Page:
Tuesday, 1 August 2017

Storytelling


Telling a good story is hard to do.  So often, humans get "inventive" and find a story where there isn't one.  Digestible, compelling, dramatic, the more bullshit the better...  In my raft guiding days, stories were important; good stories got you good tips and a Welshman by the name of Dirty Tim was our resident master tale slinger.  The more tall tales Tim slung, the more money he made while the rest of us guides kicked dirt beside the river and watched the procession of guests slap another finski into Dirty Tim's dirty palm.  Anyway, I don't love the modern media approach to storytelling and the fact that if you want to share your experiences with people, you need a "story."  In the timeless words of Homer Simpson "It's just a bunch of stuff that happened."  So here is some of the stuff that happened this spring.

Colombia:  Coffee anyone?  Locals brew coffee more like tea and imbibe this Tinto all day long.

Climbing on the Mesa de los Santos.  Thanks to Netflix, we expected a stressful Cartel style experience but the vibe could not have been more tranquillo.


We went to the opposite side of the Mesa and flew into Canyon de Chicamocha, the Earth's second largest Canyon.

     Next up, the mysterious Mavecure Hills.  Cosmique, barely begins to describe this place.




                              You could really feel the Buena Onda from the hill people.



                                                          Petroglyphs are my favorite!!!

                                      Flying from mythical domes is a close second...


                             Climbing onto giant a waffle iron from the jungle ranks third.


I've never loved fishing, but I love to eat the fish.  This Barracuda-type thing, literally jumped into our canoe and to defend myself (?!) I delivered a fatal blow with my paddle.  Sorry buddy... I never got to taste this little guy, he was in the soup and down the hatch before we got home.  Fishing, is likely how story telling began.

Or was it from mountain climbing?




                           
                              Colombia is quite a place:  Bogota street art is next level!

                 
                          After Colombia was South Africa.  This photo tells the whole story.


 Climbing with my European friends was not like being on a holiday, rest day activities included: packing for the next mish, ferrying a load to the base of the wall or more commonly, climbing.



                              The crew halfway up the wall at a commodious bivi



                        We opened a new route on a big cliff made of Quartzite, the stone of Kings.


Rock quality, check!  After sending this pitch, Seppi yelled down:  "Paul, I feel naa-sing"  Slighlty confused, I though my friend had morphed into the achetypal German nihilist.  What he really was trying to convey was that he got threshold pumped.


This is Hilton Davies, he's the nicest man in Capetown, a South African climbing pioneer with more psyche than I had at 18, and more good stories than most will accrue in a lifetime.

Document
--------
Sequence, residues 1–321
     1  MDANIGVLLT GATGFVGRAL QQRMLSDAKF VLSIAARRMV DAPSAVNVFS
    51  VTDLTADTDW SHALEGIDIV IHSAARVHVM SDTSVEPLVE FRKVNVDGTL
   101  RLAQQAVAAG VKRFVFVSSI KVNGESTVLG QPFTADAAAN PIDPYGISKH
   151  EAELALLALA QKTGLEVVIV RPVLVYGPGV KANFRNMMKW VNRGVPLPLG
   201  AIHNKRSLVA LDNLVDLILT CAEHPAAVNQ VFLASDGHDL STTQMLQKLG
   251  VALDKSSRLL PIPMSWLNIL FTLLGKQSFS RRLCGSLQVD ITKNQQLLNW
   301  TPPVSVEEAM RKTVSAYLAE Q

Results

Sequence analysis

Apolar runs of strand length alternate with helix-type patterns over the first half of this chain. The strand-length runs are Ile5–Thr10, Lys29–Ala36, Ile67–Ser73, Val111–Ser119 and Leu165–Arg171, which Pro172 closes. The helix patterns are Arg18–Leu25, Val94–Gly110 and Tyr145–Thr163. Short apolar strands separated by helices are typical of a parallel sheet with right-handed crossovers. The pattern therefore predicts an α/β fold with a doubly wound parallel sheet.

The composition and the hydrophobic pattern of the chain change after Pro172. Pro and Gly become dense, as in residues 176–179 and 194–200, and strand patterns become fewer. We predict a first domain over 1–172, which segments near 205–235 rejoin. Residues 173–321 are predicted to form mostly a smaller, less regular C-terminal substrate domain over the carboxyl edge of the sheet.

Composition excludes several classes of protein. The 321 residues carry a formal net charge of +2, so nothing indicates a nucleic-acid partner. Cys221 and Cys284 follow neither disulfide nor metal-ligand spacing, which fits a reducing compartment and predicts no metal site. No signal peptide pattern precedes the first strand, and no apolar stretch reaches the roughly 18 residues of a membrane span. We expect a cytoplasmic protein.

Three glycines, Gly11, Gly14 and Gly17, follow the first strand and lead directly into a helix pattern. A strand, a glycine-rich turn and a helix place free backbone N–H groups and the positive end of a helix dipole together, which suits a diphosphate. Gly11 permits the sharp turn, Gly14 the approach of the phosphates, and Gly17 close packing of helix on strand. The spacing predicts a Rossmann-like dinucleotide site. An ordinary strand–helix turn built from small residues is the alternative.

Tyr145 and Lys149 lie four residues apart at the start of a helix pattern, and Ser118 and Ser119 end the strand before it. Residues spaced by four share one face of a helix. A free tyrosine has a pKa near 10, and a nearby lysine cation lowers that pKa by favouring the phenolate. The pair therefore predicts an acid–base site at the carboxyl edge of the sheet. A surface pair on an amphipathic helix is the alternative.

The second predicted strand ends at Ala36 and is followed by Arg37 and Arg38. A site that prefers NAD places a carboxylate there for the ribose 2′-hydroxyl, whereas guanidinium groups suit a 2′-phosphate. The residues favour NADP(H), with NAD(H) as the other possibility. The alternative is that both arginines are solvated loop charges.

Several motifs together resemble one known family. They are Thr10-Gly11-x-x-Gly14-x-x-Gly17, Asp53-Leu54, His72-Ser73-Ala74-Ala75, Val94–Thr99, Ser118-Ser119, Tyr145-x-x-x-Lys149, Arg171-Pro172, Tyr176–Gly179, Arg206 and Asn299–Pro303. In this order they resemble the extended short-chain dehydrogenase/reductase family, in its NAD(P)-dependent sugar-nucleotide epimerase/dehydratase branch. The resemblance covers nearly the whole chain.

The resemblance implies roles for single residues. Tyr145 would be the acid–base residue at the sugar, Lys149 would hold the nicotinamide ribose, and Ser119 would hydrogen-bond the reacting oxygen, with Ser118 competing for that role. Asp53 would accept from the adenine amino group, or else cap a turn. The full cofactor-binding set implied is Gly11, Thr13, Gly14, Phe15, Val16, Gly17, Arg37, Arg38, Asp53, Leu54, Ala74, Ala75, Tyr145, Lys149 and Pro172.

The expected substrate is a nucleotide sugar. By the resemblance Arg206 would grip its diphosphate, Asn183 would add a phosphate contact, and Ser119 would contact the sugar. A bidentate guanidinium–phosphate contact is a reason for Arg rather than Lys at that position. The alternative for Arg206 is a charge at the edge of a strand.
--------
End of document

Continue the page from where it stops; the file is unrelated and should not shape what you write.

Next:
Most of this country is made of Quartzite but at Paarl Rocks it's pure Granite.



This zone has never been in vogue compared to say, Rocklands, but no instagram = no worries, you'll have this enchanted place to yourself.   As you enjoy the incredible freeclimbing here, remember, Nelson Mandela served several years of his 27 year prison term in the nearby village, just for being a brother.  Slightly tougher than the Dawn Wall I imagine.



                  Never miss a chance to fly from a granite dome...Thank you Mama Africa!






Thursday, 23 February 2017

ICE!!!!!



Jas Ammerlaan and Seba De La Rosa making the FA of the Spirit Bear icewall

There is nothing so pleasant as ice climbing at sea level, so it comes as no surprise that my backyard is where I enjoy winter climbing  the most.   Thirty years have passed since a true Icepocalypse thwarted the village of Squamish.  Back then, it was straight shafts, leather boots and bearded men only.  These days at least some of the sisters have joined in on the fun.


                                  Katia Voyeur making the second ascent of "Depends -a- lot falls"





There were First Ascents o' plenty:  Jia makes the signature move on the ephemeral and somewhat inappropriate "Gropper"






"Squamish Groomjob" pumpy as can be!

This beauty pillar, "Eagle Eyes" was spotted by Jia during one of many highway 99 scope missions

I didn't have to go far to spy this Squamish uber classic, visible from my deck, "Two minutes for hooking" is more fun than Hockey Night in Canada and delivers excitement until the buzzer sounds.


I jerseyed up with Tony Mac and Willy Stan for a repeat of this Boyd/Flett gem before the Coastal Zamboni finished it off two days later.  The final pitch went down with the sun and I heard a few rare grunts from the lungs of Tony as he battled up the final steep Medusa of Ice.

      We avoided the penalty box and enjoyed the superbe finish as the alpenglow kissed us goodnight (Will Stanhope Photo)




      Visible outside Tony Richardson's living room window, this line on the Chief beckoned like a yodeler from the Krummholz



        Jason K like a thief in the night, sneaking off Broadway ledge via some thin dribbles.


           Pitch 1 of the Ultimate Ultimate Everything: Perfect neve and sticks (Tony Richardson Photo)

                              Jason seconding the Chamonix caliber goulottes (Jia Condon Photo)

                                        Tony STOKED on the crux pitch (Jia Condon Photo)



It's always a gift when your heroes become your partners.  After all these years Jia still wants some.



Hard to beat this position above the Fjord



Thank you Squamish and thank you my friends!  What a season!!!